Poodle Info

Poodle health:  As with any breed, there are health issues that affect standard poodles. Good breeders take steps to improve the odds that the puppies will be healthy throughout their lives. Puppy buyers should be aware of the health issues that are involved. Puppy buyers should look for a knowledgeable breeder, and for health testing that is verified by listings on the OFA web site (or by viewing certificates that are received by the breeder). A CHIC number shown on the OFA site indicates that the dog has successfully completed health testing that is appropriate for the breed.

 

Poodle sizes:  The breed standard of the American Kennel Club (AKC) defines three sizes of poodles: toys are under 10 inches, miniatures are 10 to 15 inches and standards are over 15 inches (no maximum height). Height is measured at the withers (shoulders). While the breed standard specifies that standard poodles are over 15 inches, in practice, standard poodles that are being shown in AKC shows are typically in the 22 to 26 inch range. A 15 to 17 inch poodle would most likely be an over-sized mini, from mini parents. Poodles of more than 17 inches and less than 20 inches are within the breed standard for a Standard Poodle, but they are rarely seen in the US. This may be changing. The Fédération Cynologique Internationale (FCI) is an international federation of kennel clubs based in Belgium with 86 member countries. Its breed standard defines four sizes of poodles, and establishes a maximum size for the standard poodle. The four sizes are: toys 24 to 28 cm (9.4 to 11 inches), miniatures are over 28 to 35 cm (11 to 14 inches), mediums (or moyen or klein) are over 35 cm to 45 cm (14 to 18 in) and a Standard is over 45 cm to 60 cm with a tolerance of +2cm. (18 to 23.6 in or an absolute maximum of 24.4 in with the 2 cm tolerance).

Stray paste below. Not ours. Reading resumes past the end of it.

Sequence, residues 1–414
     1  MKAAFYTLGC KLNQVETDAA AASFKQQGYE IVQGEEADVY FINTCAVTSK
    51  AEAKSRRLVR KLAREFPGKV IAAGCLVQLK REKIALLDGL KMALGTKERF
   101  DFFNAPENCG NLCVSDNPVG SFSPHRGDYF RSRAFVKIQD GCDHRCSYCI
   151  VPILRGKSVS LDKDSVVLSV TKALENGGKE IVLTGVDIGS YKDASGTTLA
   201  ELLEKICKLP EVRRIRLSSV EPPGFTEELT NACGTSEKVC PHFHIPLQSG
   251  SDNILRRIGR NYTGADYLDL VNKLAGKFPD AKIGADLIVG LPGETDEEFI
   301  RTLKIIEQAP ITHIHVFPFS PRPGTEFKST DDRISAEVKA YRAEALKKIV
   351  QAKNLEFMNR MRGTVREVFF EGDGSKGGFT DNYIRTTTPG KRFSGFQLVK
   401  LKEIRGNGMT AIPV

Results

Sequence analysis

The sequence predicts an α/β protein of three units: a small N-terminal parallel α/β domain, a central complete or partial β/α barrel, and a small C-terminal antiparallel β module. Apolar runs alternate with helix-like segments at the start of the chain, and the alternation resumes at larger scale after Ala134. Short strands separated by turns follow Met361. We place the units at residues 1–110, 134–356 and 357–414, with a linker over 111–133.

Poodle breed standard: The Poodle Club of America has produced a booklet describing the ideal structure of a poodle. Illustrated breed standard

 

Poodle training: We recommend rewards-based training for any dog, but especially for a poodle. Poodles are smart, sensitive and easy to train, and rewards-based training will enhance the relationship between poodle and owner. For a short introduction to rewards-based training, see How Dogs Learn by Deb Norman. A good book on dog training is Train Your Dog Like a Pro by Jean Donaldson.